The interesting thing about taking pictures outside yesterday was that it was FREEZING. Thankfully, the rain held off and it wasn’t windy, but there was a bone-chilling moment when Sunshine our photographer (4-11 Productions, if anyone’s interested!) said, “Okay, everyone, time to take the coats off.”
Ben and I were standing there as our family was shuffled around us to get different series of pictures and Ben said out of the corner of his mouth, “Lauren…I hate to tell you this, but I think I’m getting cold feet.” Then he looked at me and said. “Nice necklace. Looks like an ice cube.”
If you see me laughing in any of the park photos, it’s probably because of a remark like that. My mouth got really cold while I was smiling until I couldn’t feel it anymore and my toes were literally blue by the time we got in the car. But we got some really pretty photos, I think, and Sunshine was great about rotating everyone in and out of pictures and getting everyone promptly bundled back into warm cars. We’d expected it would take about half an hour for family photos and another half hour for single portrait pictures of Ben and I and we got done twelve minutes ahead of schedule.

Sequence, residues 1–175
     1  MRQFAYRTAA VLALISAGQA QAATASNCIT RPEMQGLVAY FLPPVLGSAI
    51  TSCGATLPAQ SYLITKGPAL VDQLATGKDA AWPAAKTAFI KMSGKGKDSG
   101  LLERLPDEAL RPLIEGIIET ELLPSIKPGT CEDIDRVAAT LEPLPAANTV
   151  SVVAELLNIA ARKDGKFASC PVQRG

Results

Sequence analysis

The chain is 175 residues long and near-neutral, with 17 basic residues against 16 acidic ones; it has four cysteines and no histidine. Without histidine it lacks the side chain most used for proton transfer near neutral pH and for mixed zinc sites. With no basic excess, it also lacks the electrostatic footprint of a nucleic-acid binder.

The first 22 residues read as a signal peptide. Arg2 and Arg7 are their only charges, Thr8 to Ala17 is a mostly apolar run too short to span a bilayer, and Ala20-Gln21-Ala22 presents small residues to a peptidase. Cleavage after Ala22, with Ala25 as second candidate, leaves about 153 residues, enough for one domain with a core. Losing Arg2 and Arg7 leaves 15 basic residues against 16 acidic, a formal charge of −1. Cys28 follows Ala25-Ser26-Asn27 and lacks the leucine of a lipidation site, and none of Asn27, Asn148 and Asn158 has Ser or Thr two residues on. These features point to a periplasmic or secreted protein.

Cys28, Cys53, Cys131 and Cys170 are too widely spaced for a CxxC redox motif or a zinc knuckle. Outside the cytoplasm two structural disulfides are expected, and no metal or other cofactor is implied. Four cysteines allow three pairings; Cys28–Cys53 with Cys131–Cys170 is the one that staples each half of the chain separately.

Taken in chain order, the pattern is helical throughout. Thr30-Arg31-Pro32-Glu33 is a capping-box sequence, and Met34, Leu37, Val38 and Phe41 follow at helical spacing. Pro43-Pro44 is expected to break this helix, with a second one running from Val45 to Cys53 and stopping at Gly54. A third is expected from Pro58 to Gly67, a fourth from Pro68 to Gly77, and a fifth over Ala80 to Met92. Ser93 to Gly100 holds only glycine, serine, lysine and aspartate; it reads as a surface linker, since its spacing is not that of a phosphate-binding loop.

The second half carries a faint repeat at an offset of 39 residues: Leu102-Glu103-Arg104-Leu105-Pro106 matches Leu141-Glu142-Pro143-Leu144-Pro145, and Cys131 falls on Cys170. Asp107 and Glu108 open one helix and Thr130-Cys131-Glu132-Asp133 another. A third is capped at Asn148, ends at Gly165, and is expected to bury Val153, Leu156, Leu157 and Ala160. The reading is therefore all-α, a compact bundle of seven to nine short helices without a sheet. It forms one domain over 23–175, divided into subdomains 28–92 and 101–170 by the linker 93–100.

After that we went out to visit Grandma Lila so we could have photos taken with her before we went to the church. It was kind of a strange experience walking through an assisted living home dressed as we were. A lot of people just stared at us in a sort of stupefied way. They were probably thinking, “What on earth did they put in my coffee this morning?”
By the time we left for the church, it became clear we were going to have plenty of time to arrive an hour before the ceremony started. We had left plenty of cushion time in our budget just in case (hey, the first rule of planning an event is never plan anything for the last minute…and leave lots of last minutes) and we weren’t using any of it. Ben said, “Does this mean we’re going to have to sit around in a back room for a whole hour?”